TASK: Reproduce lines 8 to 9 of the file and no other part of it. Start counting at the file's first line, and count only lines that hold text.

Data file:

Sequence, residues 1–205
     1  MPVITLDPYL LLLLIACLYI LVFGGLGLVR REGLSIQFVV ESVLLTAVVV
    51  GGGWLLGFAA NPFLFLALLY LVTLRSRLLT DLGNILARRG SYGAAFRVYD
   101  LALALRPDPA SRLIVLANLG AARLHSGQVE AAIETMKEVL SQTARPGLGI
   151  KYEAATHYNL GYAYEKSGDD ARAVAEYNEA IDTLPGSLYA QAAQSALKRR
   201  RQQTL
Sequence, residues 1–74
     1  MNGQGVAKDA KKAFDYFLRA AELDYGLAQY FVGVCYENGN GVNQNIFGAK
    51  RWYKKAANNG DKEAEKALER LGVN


     1  MNGQGVAKDA KKAFDYFLRA AELDYGLAQY FVGVCYENGN GVNQNIFGAK
    51  RWYKKAANNG DKEAEKALER LGVN